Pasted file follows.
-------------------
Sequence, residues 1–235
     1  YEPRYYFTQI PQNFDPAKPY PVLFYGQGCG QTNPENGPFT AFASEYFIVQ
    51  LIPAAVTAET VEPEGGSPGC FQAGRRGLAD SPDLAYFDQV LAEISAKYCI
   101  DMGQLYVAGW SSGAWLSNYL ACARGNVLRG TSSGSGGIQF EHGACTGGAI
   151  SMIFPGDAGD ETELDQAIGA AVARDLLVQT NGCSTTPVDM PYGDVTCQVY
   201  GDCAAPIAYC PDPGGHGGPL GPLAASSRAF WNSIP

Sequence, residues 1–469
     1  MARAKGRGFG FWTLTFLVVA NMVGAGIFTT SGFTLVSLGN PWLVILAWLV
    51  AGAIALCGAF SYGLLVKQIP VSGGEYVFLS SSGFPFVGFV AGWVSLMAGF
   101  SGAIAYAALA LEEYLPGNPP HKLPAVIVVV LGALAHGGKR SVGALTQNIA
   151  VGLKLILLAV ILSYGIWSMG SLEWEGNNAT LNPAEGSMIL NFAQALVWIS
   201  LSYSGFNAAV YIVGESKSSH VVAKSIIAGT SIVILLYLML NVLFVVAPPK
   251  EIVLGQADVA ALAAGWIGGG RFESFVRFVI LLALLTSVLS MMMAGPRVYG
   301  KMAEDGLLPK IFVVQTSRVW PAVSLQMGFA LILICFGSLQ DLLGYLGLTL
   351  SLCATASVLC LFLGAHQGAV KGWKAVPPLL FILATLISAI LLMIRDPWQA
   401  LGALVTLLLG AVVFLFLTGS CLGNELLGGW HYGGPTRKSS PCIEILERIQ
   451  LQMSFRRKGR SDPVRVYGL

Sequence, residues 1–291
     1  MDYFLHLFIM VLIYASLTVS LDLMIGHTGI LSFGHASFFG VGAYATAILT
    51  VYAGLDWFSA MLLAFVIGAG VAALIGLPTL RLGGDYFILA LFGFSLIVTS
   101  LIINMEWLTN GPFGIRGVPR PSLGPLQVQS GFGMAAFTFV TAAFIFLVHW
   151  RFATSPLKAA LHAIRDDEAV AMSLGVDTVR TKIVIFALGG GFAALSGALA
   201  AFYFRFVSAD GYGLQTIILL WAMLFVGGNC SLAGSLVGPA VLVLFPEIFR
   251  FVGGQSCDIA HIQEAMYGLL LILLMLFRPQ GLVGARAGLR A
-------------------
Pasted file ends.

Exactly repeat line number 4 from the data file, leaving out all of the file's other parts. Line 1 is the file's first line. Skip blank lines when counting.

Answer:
   101  DMGQLYVAGW SSGAWLSNYL ACARGNVLRG TSSGSGGIQF EHGACTGGAI